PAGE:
In HMRC v Jigsaw Medical Services Limited [2018] UKUT 222, the Upper Tribunal (UT), overturned the First-Tier Tribunal (FTT), finding that emergency ambulance services cannot be zero-rated and were exempt.

Where services fall within both the exempt schedule and zero-rated schedule, the zero rated schedule will take precedence.

  • Jigsaw provided ambulance services.
  • Transport services for sick or injured persons in vehicles specifically designed for that purpose are exempt.
  • There were retail 'mini-bus' versions of the ambulances availble to the public.
  • The zero-rating schedule confirms the supply of passenger transport is zero-rated when the vehicle is designed or adapted to carry 10 or more passengers.
  • Notes to the schedule specfiy that this vehicle can include one designed, or substantially and permanently adapted to safely transport one or more persons in a wheelchair, and where, if not so adapted, would be capable of carrying 10 or more persons.

Jigsaw argued that the emergency ambulance services, where the vechicle is adapted for stretchers and other equipment should fall within the zero-rating provision and this takes precedence over the exemption.

  • Both Jigsaw and HMRC accepted that the patients were passengers.
  • HMRC also accepted that the vehicle could be turned into one that carries 10 or more persons. Though the retail versions on sale were 7 or 8 seaters.
  • HMRC also accepted that patient transport ambulance services could qualify for zero-rating.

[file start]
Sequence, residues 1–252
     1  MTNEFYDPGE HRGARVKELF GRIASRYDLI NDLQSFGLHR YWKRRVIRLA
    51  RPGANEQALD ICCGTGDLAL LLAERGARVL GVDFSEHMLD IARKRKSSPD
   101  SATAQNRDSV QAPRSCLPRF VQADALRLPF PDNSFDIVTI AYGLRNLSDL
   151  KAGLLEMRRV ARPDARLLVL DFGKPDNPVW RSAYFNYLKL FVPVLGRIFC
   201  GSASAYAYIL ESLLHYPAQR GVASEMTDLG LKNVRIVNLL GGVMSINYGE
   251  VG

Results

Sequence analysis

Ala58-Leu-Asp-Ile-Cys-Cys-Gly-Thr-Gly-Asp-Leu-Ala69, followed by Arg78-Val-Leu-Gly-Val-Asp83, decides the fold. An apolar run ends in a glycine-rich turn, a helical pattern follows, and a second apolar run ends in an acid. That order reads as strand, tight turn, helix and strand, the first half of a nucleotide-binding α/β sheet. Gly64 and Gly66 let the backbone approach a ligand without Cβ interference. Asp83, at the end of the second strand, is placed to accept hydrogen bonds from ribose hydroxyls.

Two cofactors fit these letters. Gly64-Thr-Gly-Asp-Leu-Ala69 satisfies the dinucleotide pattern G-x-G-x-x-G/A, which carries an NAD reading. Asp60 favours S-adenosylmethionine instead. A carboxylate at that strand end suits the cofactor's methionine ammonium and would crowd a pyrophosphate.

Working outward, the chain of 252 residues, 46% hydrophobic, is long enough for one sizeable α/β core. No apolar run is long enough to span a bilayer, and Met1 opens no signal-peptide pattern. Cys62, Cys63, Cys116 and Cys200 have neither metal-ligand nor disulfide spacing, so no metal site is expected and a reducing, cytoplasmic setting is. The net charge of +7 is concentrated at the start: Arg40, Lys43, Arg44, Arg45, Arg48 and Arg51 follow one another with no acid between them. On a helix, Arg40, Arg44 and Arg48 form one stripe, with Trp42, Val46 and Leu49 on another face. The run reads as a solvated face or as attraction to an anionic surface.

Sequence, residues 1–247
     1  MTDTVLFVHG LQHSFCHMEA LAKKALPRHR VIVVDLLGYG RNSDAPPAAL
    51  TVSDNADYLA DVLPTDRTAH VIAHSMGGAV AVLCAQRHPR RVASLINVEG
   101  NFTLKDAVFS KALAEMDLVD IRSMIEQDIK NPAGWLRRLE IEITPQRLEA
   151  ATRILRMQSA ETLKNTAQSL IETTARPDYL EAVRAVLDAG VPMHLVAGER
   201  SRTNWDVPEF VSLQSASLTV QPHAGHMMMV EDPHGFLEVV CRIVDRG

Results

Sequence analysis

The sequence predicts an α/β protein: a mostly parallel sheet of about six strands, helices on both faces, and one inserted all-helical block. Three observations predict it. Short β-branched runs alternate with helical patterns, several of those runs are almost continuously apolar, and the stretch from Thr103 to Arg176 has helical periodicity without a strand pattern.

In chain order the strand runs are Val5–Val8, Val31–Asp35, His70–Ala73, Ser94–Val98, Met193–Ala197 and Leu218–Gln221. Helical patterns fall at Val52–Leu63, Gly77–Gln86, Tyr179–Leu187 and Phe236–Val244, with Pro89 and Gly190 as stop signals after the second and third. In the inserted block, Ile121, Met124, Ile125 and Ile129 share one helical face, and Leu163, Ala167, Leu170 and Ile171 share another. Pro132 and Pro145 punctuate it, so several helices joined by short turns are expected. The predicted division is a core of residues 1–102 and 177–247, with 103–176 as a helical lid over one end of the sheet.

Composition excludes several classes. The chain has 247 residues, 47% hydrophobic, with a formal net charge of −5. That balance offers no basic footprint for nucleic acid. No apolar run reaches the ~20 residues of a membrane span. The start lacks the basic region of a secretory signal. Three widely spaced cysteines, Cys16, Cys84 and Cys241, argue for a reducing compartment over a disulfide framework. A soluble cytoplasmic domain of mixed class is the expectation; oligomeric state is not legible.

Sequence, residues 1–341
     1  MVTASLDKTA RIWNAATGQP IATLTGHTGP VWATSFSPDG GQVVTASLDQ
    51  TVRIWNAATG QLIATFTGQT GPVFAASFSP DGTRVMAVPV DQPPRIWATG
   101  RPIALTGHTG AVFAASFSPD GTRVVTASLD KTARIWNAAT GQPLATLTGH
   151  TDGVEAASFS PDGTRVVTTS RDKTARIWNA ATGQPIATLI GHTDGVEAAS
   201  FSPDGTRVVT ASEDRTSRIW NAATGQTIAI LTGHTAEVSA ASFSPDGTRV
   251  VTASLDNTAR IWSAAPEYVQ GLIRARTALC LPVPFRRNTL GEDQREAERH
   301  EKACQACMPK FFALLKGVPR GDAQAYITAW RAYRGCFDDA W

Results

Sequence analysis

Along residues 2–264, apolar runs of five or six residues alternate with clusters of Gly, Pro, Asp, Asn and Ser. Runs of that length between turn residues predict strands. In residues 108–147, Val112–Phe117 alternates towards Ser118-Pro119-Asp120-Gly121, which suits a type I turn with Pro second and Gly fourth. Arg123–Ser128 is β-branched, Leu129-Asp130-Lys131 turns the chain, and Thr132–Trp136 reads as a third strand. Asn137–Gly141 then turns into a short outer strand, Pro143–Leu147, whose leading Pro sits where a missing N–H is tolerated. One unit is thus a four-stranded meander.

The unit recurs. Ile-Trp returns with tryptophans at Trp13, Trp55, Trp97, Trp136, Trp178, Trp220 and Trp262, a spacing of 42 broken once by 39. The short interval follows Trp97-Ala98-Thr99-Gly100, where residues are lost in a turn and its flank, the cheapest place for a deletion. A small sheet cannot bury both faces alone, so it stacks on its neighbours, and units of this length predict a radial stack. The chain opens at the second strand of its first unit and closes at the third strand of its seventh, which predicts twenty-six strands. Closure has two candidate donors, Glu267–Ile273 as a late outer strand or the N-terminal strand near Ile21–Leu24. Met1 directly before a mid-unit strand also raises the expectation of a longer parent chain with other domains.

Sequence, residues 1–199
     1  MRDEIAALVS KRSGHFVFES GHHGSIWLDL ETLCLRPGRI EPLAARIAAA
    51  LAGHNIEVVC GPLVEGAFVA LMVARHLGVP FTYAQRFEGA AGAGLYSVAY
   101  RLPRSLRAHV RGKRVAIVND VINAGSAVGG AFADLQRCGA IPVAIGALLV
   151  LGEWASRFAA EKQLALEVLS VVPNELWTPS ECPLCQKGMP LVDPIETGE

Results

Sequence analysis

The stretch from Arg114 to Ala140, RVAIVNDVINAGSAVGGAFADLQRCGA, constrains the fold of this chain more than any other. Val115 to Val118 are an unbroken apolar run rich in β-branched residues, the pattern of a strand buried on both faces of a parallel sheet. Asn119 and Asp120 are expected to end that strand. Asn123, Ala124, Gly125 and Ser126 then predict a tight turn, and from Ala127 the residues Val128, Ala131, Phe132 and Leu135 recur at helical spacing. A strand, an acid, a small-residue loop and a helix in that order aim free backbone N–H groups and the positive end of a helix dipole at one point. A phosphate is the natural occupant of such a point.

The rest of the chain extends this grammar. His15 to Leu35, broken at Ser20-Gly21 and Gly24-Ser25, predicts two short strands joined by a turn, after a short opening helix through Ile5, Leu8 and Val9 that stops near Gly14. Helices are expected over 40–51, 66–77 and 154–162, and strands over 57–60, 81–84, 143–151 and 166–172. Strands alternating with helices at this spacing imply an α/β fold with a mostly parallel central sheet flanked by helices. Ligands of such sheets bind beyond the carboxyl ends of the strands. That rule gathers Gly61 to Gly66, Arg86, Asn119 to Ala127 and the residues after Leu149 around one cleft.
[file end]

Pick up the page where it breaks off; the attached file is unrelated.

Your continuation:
The FTT, in a short decision, determined that zero-rating applied and took precedence:

  • A literal and broad interpretation should be used instead of a narrow one.
  • The vehicle can, without complete rebuilding be converted into one that can carry ten or more persons.
  • The vehicle is therefore one falling within the zero-rating provisions.

The UT overturned the FTT decision:

  • The emergency vehicle was adapted to enable safe transport of someone in a wheelchair.
  • What needs to be looked at though, is what adaptations were made to enable the safe transport of someone in a wheelchair.
  • No seats were removed to enable that transportation. Only restraints were added to what was already in place to make it safe.
  • Therefore, if the wheelchair modifications were reversed, this does not include putting in a number of extra seats, as the modifications made to enable wheelchair transport did not include taking out seats.
  • Compare this to a 12 seater car, where seats are taken out to make the wheelchair modifications, were those modifications removed, that would include putting the seats back in as that was part of the modifications.

The FTT erred in law and HMRC's appeal was allowed. The emergency ambulances did not fall within the zero-rating schedule and those services were only exempt.

External link: HMRC v Jigsaw Medical Services Limited [2018] UKUT 222


 

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